Friday Round Up

A busy week in feminist legal news!

In welcome news, the CPS and police have scrapped “digital strip searches” of rape complainants, following a threat of legal action from two survivors and the Centre for Women’s Justice.

Shamima Begum has been successful in her judicial review. She challenged the decision to deprive her of citizenship and the decision to refuse leave to enter the UK. It is likely that this case will now be appealed to the Supreme Court.

Kiera Bell has published her crowdfunder on Crowdjustice to raise funds to bring a legal challenge to gender identity theory in NHS England’s Memorandum of Understanding on Conversion Therapy, arguing that in its present form it prevents clinicians from providing appropriate care.

Permission has been granted for judicial review brought by four “age verification” companies against the Government’s decision to drop the ‘porn block’ planned through age verification to access pornography. The companies, who expected to sell their age verification product, argue that the Government had the power to postpone Part 3 of the Digital Verification Act 2017 but not to drop it altogether. It is unclear whether AgeID, owned by giant Mindgeek which also owns PornHub, Redtube, Youporn, Gaytube and others, is one of the claimants.

The Howard League for Penal Reform has published its paper “Rethinking Remand For Women” arguing that women are too often inappropriately remanded.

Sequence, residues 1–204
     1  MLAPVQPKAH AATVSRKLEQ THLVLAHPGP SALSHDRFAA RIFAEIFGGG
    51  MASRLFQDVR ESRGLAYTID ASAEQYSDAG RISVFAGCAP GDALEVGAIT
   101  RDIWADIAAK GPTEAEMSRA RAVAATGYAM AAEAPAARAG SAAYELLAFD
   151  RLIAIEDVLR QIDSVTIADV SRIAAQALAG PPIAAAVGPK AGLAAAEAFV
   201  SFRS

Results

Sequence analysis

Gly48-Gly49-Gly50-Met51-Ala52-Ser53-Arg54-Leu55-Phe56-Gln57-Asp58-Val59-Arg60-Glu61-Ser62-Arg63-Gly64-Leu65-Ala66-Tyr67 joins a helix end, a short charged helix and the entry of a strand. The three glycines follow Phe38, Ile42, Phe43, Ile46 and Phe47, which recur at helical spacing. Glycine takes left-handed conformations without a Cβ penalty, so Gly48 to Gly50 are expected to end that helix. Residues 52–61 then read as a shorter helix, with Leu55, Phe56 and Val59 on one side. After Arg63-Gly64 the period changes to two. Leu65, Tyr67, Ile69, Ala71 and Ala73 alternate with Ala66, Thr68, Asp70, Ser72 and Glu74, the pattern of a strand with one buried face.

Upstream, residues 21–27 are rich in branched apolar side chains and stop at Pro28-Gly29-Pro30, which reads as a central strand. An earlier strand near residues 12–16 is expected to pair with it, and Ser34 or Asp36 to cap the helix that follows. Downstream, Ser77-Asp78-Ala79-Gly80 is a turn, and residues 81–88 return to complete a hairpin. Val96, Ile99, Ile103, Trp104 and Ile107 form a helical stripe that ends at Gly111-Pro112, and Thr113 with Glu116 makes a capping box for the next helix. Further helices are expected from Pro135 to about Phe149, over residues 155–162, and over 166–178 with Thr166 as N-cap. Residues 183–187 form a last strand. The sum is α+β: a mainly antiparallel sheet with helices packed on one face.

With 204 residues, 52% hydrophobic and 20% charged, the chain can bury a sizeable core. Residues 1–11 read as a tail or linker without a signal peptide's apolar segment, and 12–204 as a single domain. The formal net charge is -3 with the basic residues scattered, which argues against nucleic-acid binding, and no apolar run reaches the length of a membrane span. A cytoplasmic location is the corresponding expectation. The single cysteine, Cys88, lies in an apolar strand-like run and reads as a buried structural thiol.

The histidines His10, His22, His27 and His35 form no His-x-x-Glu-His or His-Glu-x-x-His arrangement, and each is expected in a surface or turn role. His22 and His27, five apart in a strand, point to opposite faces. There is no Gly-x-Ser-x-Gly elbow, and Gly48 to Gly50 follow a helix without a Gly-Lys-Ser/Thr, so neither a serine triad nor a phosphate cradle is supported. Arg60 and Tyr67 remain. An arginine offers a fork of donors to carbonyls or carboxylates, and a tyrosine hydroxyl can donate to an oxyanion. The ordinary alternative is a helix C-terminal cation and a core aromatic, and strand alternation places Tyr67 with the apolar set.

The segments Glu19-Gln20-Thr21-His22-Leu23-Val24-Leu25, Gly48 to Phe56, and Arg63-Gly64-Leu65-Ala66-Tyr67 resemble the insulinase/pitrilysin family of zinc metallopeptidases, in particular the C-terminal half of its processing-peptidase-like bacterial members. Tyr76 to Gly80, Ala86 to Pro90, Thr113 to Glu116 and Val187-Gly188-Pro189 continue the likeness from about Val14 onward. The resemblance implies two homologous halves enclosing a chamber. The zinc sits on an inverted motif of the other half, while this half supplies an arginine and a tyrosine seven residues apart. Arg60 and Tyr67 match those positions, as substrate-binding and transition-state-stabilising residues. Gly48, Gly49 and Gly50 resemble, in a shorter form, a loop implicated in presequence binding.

On appeal from Scotland’s High Court of Judiciary, the Supreme Court has ruled against Mark Sutherland in a case about the legitimacy of evidence obtained through vigilante groups. Sutherland, convicted after exchanging explicit messages with a decoy he believed to be 13, brought the appeal on the basis that the use of such evidence interfered with his Article 8 rights.

The government has published the Commons Library Briefing on gender recognition and the rights of transgender people. Oddly, this was published, then vanished for a few hours, then returned with two missing sections: specifically, the section on legal gender recognition not being possible for minors and the section on provisions to support transgender children in schools. It may be that these were removed from an earlier draft in view of ongoing legal challenges.

The University of Huddersfield has published its review of the Leeds Holbeck “managed area” on prostitution. FiLiA and Nordic Model Now have reviewed the review.

Internationally, the European Court of Human Rights has ruled in YT v Bulgaria that the Bulgarian government was not permitted to refuse a trans man any legal mechanism to change the legal sex on his documents. This ruling will bring Bulgaria into line with most of the rest of Europe.